In her memoir, "Not That Kind of Girl," Lena Dunham wrote openly about difficult moments in her life, including being sexually assaulted while in college. The revelation sparked responses that ran the gamut from supportive to critical, with some even attempting to publicly discredit the "Girls" creator.
On Wednesday, Dunham sat down with TODAY's Savannah Guthrie and explained how she felt in the face of that response.
"It's a very, very painful thing to share an episode that personal and receive criticism," she said. "But what I received was only a small percentage of the doubt and victim blaming that most women who are sexually assaulted in this country experience."
The 28-year-old star went on to say she recognizes that her fame and personal success afford her benefits others just don't have.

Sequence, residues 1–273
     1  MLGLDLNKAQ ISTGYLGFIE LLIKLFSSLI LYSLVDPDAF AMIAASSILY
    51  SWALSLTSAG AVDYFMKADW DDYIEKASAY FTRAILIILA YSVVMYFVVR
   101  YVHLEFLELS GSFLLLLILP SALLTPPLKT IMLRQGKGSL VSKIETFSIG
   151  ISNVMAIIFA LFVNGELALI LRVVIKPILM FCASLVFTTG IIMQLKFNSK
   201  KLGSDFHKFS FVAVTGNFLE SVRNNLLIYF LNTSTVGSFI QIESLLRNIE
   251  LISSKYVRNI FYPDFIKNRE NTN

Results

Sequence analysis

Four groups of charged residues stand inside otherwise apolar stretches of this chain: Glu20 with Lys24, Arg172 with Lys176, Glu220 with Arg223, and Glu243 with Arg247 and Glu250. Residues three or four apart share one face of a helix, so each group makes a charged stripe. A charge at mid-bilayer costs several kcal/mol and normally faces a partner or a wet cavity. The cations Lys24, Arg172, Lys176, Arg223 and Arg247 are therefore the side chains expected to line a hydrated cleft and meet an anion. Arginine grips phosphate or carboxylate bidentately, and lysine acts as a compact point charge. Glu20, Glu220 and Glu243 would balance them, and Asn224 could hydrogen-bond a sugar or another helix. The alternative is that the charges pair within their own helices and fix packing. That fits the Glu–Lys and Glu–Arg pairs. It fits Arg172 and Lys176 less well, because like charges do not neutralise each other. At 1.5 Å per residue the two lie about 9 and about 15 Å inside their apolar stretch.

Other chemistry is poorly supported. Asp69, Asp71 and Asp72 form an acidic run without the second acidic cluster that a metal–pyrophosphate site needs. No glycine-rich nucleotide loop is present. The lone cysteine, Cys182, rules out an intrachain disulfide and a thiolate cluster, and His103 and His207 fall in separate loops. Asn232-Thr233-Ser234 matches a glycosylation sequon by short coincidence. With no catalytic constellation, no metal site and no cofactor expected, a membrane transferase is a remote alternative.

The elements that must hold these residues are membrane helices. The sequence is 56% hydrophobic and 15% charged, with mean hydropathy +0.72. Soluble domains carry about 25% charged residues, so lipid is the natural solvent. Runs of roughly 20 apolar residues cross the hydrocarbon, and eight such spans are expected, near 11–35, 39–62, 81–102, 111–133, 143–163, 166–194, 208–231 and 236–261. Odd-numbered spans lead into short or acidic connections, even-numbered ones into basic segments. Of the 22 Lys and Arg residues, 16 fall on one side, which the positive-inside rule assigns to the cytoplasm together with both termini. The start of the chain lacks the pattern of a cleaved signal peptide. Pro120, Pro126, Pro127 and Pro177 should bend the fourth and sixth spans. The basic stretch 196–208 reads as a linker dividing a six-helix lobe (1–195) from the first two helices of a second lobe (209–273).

"You know, I am a celebrity with a platform and a lot of incredible support," Dunham said. "Most women who come forward with accusations of sexual assault don't have those benefits — don't have my legal and emotional and financial supports."
Therefore she's looking at her own experience as just a small example of what other women have been through.
"I really feel like it enhanced my understanding of the cause, and will hopefully make me a better advocate and activist in the future," she added.
See more from Dunham on the Season 4 premiere of HBO's "Girls" on Sunday at 9 p.m. ET.
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